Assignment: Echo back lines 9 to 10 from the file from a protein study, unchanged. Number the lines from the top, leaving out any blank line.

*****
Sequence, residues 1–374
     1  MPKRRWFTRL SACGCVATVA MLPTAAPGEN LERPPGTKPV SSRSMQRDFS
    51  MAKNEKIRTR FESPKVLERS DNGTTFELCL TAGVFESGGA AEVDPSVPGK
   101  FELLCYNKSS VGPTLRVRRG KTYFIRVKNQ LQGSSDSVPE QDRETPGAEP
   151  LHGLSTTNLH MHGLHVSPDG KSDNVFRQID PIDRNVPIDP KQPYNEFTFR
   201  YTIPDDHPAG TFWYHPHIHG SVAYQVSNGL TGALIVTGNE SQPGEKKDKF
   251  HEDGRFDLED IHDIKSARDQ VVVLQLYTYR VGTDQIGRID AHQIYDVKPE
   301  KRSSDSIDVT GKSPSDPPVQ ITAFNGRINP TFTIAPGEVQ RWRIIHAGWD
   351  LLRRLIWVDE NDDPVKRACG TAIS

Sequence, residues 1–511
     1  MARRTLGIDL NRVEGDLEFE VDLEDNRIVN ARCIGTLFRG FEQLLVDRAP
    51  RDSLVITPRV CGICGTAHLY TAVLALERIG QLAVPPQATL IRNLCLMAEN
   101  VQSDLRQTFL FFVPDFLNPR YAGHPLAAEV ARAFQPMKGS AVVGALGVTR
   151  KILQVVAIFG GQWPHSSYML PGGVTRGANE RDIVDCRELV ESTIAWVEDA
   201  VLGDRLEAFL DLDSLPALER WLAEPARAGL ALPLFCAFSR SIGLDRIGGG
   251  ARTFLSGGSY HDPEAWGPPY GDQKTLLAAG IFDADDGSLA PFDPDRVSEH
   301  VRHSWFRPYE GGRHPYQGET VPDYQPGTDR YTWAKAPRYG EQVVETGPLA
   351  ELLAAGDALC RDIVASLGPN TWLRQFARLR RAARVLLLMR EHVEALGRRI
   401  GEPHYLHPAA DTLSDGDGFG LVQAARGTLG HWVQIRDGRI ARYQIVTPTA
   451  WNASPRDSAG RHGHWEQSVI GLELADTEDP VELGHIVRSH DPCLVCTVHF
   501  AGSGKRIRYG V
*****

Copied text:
   351  LLRRLIWVDE NDDPVKRACG TAIS

Sequence, residues 1–511